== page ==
A huge number of people with limited mobility still have no other choice but to spend the majority of time at home because a lot of cities and towns do not have a suitable infrastructure for those who have to use mobility aids like wheelchairs, mobility scooters, crutches, walkers, and other tools.


SwissCognitive Guest Blogger: Artem Pochechuev, Head of Data Science at Sigli – “Advantages of AI in Building Solutions For People With Limited Mobility”


According to various studies around 10%-12% of people worldwide have mobility issues that result in significant difficulty walking or climbing stairs. Governments and NGOs all over the globe invest money and effort in the identification of the existing barriers and their gradual removal. However, the reality is that a huge number of people with limited mobility still have no other choice but to spend the majority of time at home because a lot of cities and towns do not have a suitable infrastructure for those who have to use mobility aids like wheelchairs, mobility scooters, crutches, walkers, and other tools.

When we are talking about people with limited mobility we should bear in mind that in many cases we will deal not only with those who were born with disabilities. In this case, we should also mention people who faced mobility issues as a result of an accident or illness. Moreover, such issues may also have a temporary character. Given all these factors, it is vital to focus not only on urban infrastructure but also on the home environment, as well as conditions for working and studying that people will need to deal with. It means that we need to cover a quite wide category of existing issues and possible solutions.

As well as in many other cases, modern technologies can be a good answer to address the existing difficulties. Artificial intelligence has already found its use cases in many projects aimed at increasing the quality of life for people with disabilities. It’s worth highlighting that the needs of people with limited mobility can be also catered to with the power of AI.

Let us share our thoughts on how is it possible to use the opportunities that AI offers us to make it easier for everyone to deal with numerous daily tasks without external help.

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Examples of AI-powered solutions

To begin with, we’d like to start with the solutions that are already widely used in many families and facilitate a lot of processes for them, even if their members do not experience any health problems or issues with their physical conditions. However, for people with physical disabilities and mobility difficulties, they will have a much more significant role.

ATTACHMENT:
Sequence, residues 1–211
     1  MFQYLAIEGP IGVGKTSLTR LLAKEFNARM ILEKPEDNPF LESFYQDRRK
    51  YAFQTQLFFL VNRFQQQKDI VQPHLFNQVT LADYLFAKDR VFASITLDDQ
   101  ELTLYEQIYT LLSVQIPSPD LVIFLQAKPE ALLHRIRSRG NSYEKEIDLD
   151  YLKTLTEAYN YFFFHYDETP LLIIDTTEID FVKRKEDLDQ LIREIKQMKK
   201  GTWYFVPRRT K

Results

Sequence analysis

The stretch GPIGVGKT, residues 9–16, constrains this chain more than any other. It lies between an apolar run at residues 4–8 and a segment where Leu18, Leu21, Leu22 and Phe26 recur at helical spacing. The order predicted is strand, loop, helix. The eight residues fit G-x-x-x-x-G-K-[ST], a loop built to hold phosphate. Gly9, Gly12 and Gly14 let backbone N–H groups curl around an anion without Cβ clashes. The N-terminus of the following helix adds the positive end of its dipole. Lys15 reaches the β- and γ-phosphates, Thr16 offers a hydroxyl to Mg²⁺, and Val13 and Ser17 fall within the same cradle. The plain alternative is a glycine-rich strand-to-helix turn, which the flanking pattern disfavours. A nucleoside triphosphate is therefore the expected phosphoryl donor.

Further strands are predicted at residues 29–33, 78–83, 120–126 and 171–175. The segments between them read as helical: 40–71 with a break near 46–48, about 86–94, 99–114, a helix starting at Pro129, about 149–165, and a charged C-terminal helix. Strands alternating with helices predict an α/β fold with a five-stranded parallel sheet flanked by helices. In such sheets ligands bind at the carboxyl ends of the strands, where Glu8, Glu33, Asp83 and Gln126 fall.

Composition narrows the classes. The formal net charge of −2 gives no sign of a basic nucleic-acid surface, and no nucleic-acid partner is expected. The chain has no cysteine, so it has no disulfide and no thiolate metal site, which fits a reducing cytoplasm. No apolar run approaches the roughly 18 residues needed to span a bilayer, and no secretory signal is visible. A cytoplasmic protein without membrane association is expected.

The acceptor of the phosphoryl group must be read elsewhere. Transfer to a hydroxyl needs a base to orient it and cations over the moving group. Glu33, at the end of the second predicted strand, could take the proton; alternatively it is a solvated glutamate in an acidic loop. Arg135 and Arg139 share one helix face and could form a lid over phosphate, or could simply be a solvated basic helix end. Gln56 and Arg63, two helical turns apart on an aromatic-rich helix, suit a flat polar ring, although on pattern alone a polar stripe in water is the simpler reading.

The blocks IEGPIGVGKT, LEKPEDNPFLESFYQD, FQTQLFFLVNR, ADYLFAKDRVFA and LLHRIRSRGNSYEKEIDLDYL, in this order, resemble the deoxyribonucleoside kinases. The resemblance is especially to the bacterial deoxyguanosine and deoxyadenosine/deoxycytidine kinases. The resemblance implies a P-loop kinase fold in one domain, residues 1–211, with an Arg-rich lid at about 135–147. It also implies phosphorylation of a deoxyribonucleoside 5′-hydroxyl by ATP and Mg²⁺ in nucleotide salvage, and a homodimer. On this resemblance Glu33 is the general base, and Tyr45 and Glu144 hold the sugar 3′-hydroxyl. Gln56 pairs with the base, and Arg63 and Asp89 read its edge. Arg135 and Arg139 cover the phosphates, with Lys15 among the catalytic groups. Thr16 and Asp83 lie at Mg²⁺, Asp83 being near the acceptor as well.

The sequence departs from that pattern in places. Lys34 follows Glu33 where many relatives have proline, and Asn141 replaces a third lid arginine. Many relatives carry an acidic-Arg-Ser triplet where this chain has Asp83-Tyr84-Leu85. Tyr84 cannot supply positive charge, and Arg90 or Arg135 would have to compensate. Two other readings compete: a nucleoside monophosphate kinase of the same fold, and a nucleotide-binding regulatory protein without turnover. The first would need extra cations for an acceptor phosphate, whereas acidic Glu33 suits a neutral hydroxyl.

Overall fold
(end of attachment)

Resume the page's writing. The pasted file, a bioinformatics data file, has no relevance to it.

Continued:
We are talking about voice-controlled home automation systems that are able to interpret voice commands and perform various tasks from simple ones like turning music on or off to telling a user who is ringing at the doorbell (in this case, the system should be also enriched with face recognition tools). Amazon’s Alexa or Google Home Assistant are among the most well-known examples provided by tech giants but today there are many more solutions of this kind being developed by ambitious startups. Already now we can speak about the growing adoption of such systems and it will be reasonable to presuppose that in the future even more families will leverage the benefits of such solutions.

AI-powered self-driving cars also have huge potential for enhancing the freedom of mobility and eliminating physical isolation. Thanks to driverless cars developed by Waymo, Tesla, General Motors and others will allow people to avoid a lot of issues related to the use of public transport and traditional cars as well as the lack of possibility to get from point A to point B due to their physical disabilities. Though there are still a lot of things to do to make the use of such means of transportation fully safe, today the expectations are very high and we can hope that in some years they will become more accessible and affordable for a wide audience of drivers.

Another example of using the capacities of AI in the context of reducing barriers for people with limited mobility is the introduction of robotic assistance for mobility and the creation of new solutions built upon the existing mobility aids, such as wheelchairs or walkers, for example. Quite often people with disabilities are not able to use traditional wheelchairs on their own (or have serious difficulties while doing it). Nevertheless, AI can address this problem by perceiving audio commands from the user which can provide users with much more freedom of movement. Moreover, not every person can use traditional joysticks. Such conditions as spinal cord injury, spinal muscular atrophy, motor neurone disease, and some others can affect the hand function of people. An Australia-based company Control Bionics that focuses on advanced assistive technology developed a wireless wearable device NeuroNode. It lets people rely on their brain signals to fulfill different tasks that are typically performed with the help of a touch screen, keyboard, joystick, or mouse. To control a cursor on a screen people can eye-track and to opt for some actions they need to send a neural signal. The adoption of such solutions can also become a real game-changer for people who have difficulties in controlling the muscles that are required for speaking as they will be able to communicate with others with the help of brain-operated text-to-speech tools.

In collaboration with Deakin University’s Applied AI Institute, Control Bionics created DROVE which is known as the first autonomous driving wheelchair module in the world. The module has been already tested by users at their homes. It is powered by the NeuroNode interface and a digital camera system mounted on a wheelchair. Moreover, to ensure centimeter accuracy, researchers installed sensors at the locations where it was planned to use the solution. The system has proved its efficiency by demonstrating its ability to navigate tight doorways, detect unexpected obstacles, and always leave the wheelchair in the required position.